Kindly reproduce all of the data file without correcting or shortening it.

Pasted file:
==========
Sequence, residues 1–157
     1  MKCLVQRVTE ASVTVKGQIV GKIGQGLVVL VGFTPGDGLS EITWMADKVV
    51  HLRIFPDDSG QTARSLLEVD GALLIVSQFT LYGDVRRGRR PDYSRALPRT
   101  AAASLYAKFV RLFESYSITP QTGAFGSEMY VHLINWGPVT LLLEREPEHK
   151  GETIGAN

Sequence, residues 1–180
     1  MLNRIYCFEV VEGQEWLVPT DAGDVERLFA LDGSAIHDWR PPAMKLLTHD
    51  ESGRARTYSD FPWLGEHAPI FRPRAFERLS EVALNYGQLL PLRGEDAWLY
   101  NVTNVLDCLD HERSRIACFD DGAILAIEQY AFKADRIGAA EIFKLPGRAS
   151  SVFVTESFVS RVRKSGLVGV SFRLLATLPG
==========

Sequence, residues 1–157
     1  MKCLVQRVTE ASVTVKGQIV GKIGQGLVVL VGFTPGDGLS EITWMADKVV
    51  HLRIFPDDSG QTARSLLEVD GALLIVSQFT LYGDVRRGRR PDYSRALPRT
   101  AAASLYAKFV RLFESYSITP QTGAFGSEMY VHLINWGPVT LLLEREPEHK
   151  GETIGAN

Sequence, residues 1–180
     1  MLNRIYCFEV VEGQEWLVPT DAGDVERLFA LDGSAIHDWR PPAMKLLTHD
    51  ESGRARTYSD FPWLGEHAPI FRPRAFERLS EVALNYGQLL PLRGEDAWLY
   101  NVTNVLDCLD HERSRIACFD DGAILAIEQY AFKADRIGAA EIFKLPGRAS
   151  SVFVTESFVS RVRKSGLVGV SFRLLATLPG